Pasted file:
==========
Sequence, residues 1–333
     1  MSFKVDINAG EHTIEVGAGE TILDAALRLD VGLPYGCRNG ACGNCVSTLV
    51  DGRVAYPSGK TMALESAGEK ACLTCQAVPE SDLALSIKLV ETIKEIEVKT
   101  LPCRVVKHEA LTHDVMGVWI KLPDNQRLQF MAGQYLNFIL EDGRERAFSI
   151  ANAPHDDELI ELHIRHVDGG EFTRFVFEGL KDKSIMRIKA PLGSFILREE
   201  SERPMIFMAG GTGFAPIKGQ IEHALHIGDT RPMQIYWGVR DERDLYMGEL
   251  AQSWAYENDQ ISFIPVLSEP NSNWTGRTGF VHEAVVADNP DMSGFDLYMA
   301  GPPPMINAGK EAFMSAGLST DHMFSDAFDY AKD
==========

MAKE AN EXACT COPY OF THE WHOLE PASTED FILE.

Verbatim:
Sequence, residues 1–333
     1  MSFKVDINAG EHTIEVGAGE TILDAALRLD VGLPYGCRNG ACGNCVSTLV
    51  DGRVAYPSGK TMALESAGEK ACLTCQAVPE SDLALSIKLV ETIKEIEVKT
   101  LPCRVVKHEA LTHDVMGVWI KLPDNQRLQF MAGQYLNFIL EDGRERAFSI
   151  ANAPHDDELI ELHIRHVDGG EFTRFVFEGL KDKSIMRIKA PLGSFILREE
   201  SERPMIFMAG GTGFAPIKGQ IEHALHIGDT RPMQIYWGVR DERDLYMGEL
   251  AQSWAYENDQ ISFIPVLSEP NSNWTGRTGF VHEAVVADNP DMSGFDLYMA
   301  GPPPMINAGK EAFMSAGLST DHMFSDAFDY AKD